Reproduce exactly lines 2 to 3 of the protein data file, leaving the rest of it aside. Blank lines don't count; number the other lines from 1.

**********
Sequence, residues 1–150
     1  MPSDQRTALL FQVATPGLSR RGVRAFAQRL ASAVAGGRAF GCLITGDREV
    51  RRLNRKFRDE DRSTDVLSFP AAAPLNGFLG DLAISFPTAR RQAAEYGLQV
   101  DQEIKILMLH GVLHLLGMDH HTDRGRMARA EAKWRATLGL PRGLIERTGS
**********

     1  MPSDQRTALL FQVATPGLSR RGVRAFAQRL ASAVAGGRAF GCLITGDREV
    51  RRLNRKFRDE DRSTDVLSFP AAAPLNGFLG DLAISFPTAR RQAAEYGLQV